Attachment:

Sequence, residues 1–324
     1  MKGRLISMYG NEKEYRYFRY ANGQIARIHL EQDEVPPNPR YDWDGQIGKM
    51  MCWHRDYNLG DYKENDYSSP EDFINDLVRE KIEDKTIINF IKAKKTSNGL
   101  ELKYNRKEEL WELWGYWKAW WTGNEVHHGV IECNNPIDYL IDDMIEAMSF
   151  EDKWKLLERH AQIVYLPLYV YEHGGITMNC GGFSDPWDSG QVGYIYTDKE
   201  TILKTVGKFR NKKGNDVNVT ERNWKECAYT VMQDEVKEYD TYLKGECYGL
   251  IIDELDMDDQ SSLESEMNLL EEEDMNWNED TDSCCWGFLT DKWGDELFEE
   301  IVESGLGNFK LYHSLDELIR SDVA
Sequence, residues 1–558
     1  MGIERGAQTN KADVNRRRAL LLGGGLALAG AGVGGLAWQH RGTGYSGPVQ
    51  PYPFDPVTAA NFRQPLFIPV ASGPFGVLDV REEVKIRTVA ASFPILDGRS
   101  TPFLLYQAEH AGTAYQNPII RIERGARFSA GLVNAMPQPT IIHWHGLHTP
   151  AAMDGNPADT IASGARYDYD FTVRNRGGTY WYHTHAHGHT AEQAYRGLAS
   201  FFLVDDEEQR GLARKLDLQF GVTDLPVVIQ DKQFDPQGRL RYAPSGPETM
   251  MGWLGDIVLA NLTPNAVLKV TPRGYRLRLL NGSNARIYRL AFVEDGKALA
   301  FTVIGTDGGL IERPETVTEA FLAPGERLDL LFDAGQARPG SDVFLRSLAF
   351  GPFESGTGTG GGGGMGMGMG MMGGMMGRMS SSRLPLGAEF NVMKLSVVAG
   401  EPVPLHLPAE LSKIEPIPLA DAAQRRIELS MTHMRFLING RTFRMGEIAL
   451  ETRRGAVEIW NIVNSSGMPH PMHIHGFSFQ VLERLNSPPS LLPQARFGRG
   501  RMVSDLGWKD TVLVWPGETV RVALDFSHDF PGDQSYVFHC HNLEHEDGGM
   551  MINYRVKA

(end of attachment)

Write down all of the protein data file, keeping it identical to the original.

Sequence, residues 1–324
     1  MKGRLISMYG NEKEYRYFRY ANGQIARIHL EQDEVPPNPR YDWDGQIGKM
    51  MCWHRDYNLG DYKENDYSSP EDFINDLVRE KIEDKTIINF IKAKKTSNGL
   101  ELKYNRKEEL WELWGYWKAW WTGNEVHHGV IECNNPIDYL IDDMIEAMSF
   151  EDKWKLLERH AQIVYLPLYV YEHGGITMNC GGFSDPWDSG QVGYIYTDKE
   201  TILKTVGKFR NKKGNDVNVT ERNWKECAYT VMQDEVKEYD TYLKGECYGL
   251  IIDELDMDDQ SSLESEMNLL EEEDMNWNED TDSCCWGFLT DKWGDELFEE
   301  IVESGLGNFK LYHSLDELIR SDVA
Sequence, residues 1–558
     1  MGIERGAQTN KADVNRRRAL LLGGGLALAG AGVGGLAWQH RGTGYSGPVQ
    51  PYPFDPVTAA NFRQPLFIPV ASGPFGVLDV REEVKIRTVA ASFPILDGRS
   101  TPFLLYQAEH AGTAYQNPII RIERGARFSA GLVNAMPQPT IIHWHGLHTP
   151  AAMDGNPADT IASGARYDYD FTVRNRGGTY WYHTHAHGHT AEQAYRGLAS
   201  FFLVDDEEQR GLARKLDLQF GVTDLPVVIQ DKQFDPQGRL RYAPSGPETM
   251  MGWLGDIVLA NLTPNAVLKV TPRGYRLRLL NGSNARIYRL AFVEDGKALA
   301  FTVIGTDGGL IERPETVTEA FLAPGERLDL LFDAGQARPG SDVFLRSLAF
   351  GPFESGTGTG GGGGMGMGMG MMGGMMGRMS SSRLPLGAEF NVMKLSVVAG
   401  EPVPLHLPAE LSKIEPIPLA DAAQRRIELS MTHMRFLING RTFRMGEIAL
   451  ETRRGAVEIW NIVNSSGMPH PMHIHGFSFQ VLERLNSPPS LLPQARFGRG
   501  RMVSDLGWKD TVLVWPGETV RVALDFSHDF PGDQSYVFHC HNLEHEDGGM
   551  MINYRVKA